Film. Music. Visual Art. Design. Literature. Subcultures. Criticism.
What We Offer
Journalism students have several opportunities to learn how to produce culture stories that are rigorous yet creative. Class options allow students to deepen their understanding of all branches of the arts, from architecture to dance, hip hop to sculpture.
M.S. students can choose among courses that explore how to report in the cultural realm and how to add perspective on trends and breakthroughs in art, culture and society. These include The Art of the Profile, Food Writing and 800 Words.
Students who enroll in the M.A. Arts & Culture concentration take a nine‐month seminar considering the intellectual and emotional force of the arts. Journalism professors bring in esteemed experts to guide the class through several specialties while pulling out common themes. The seminar blends the concrete (how to decipher arts funding, delineate artistic movements, map essential context) with the more theoretical (how to capture an artist’s personality with nuance and verve).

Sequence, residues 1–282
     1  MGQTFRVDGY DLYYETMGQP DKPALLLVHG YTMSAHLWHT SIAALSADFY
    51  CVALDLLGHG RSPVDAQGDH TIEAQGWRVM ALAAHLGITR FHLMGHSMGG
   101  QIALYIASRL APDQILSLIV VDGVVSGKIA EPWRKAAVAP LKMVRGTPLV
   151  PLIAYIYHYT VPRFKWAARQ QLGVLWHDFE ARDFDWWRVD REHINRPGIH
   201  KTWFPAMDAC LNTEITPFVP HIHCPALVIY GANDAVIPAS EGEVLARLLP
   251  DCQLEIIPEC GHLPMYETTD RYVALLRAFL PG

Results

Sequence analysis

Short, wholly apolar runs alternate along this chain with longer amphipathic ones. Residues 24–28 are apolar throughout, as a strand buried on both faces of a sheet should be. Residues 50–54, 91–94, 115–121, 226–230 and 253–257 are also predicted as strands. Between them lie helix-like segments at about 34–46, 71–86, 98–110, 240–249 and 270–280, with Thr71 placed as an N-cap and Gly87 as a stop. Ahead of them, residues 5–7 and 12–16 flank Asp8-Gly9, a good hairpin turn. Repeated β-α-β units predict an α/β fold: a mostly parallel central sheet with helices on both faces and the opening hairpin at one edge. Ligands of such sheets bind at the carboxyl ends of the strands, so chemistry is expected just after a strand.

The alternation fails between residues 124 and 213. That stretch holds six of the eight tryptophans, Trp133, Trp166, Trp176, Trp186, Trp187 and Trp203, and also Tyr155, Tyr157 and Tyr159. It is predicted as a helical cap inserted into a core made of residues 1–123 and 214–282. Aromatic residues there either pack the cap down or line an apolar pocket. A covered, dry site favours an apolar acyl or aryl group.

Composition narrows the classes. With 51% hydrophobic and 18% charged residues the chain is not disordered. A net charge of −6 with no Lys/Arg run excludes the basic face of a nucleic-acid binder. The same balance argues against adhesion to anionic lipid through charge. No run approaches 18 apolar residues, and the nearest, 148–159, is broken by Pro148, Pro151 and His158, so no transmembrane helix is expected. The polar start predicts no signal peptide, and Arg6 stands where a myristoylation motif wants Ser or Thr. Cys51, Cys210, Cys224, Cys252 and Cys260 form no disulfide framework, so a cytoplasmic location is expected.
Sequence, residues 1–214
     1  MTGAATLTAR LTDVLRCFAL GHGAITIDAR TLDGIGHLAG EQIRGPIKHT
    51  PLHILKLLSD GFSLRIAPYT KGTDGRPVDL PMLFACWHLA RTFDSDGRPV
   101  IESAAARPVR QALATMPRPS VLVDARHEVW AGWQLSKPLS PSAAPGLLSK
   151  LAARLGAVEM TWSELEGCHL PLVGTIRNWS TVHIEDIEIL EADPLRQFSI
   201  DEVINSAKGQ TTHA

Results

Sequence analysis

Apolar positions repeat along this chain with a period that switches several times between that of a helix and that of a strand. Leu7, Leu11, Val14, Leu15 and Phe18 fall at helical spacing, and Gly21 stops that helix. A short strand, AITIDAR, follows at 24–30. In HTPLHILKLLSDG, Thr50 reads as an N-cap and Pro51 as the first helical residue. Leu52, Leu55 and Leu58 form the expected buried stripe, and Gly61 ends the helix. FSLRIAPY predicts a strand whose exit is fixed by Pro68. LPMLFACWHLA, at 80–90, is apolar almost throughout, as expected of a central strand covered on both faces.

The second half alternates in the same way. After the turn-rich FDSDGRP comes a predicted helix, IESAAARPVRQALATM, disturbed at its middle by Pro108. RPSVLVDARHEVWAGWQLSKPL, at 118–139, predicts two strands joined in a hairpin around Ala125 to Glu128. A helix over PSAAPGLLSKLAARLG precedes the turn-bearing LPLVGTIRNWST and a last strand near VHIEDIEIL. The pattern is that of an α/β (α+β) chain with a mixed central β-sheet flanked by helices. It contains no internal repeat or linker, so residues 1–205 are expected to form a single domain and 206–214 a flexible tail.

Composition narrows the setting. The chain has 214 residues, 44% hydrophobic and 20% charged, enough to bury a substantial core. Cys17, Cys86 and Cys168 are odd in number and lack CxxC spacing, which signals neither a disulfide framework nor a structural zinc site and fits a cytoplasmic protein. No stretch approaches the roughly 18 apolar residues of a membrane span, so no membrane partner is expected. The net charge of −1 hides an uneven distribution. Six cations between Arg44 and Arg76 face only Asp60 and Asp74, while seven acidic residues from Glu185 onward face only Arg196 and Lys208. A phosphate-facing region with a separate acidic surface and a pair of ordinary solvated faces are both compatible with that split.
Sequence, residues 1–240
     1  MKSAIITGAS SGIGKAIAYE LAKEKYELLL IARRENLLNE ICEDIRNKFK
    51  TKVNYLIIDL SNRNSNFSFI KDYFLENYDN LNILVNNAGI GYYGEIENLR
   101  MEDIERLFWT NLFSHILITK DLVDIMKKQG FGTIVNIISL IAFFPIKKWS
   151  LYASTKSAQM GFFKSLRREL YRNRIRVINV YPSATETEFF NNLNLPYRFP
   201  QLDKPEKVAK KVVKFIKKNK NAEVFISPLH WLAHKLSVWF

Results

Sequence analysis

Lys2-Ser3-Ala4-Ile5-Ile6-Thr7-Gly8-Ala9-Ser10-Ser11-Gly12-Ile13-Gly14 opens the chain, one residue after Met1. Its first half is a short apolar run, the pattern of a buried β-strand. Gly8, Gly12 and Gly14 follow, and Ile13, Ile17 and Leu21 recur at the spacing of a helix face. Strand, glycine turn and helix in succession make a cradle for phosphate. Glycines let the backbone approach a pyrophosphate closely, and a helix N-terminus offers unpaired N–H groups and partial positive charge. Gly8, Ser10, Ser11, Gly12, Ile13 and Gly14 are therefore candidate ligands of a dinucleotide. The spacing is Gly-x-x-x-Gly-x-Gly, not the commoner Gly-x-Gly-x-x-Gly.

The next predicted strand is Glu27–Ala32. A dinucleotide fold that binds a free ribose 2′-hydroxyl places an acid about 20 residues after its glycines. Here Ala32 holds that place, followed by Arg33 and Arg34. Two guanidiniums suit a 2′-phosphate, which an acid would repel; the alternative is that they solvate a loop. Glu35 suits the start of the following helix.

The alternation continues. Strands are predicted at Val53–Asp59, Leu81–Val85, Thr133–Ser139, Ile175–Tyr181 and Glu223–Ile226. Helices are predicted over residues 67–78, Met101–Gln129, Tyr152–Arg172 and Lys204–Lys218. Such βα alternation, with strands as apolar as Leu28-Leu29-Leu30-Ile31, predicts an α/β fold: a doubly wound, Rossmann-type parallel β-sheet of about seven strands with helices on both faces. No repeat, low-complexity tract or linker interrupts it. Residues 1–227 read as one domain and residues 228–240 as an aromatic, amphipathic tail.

In addition to the specific classes listed here, students have many opportunities to report on arts and culture issues starting in August during multimedia training and running through the Spring seminar and production classes.
Please note: The classes listed here represent recent offerings at the Journalism School. Choices vary each semester depending on faculty availability and other considerations. Classes described now may change or be dropped to make room for new additions.
For her thesis, Hannah Moore, '19 M.A. Arts & Culture, explored a movement by the Kingston, Jamaica dancehall community to protect their work from appropriation by foreign pop artists.Dancehall Is Fighting to Protect – and Copyright – Its Dance Moves
For her thesis, Abigail Covington, '18 M.A. Arts & Culture, examined the legacy of Robert E Lee at Washington & Lee University following the 2017 riots in Charlottesville. Her story was featured in The Delacorte Review's longform journalism magazine and podcast.
Marybel Gonzalez, '16 M.S., writes her Master's Project on the Quinceanera in transition.Read how her project got published in The New York Times.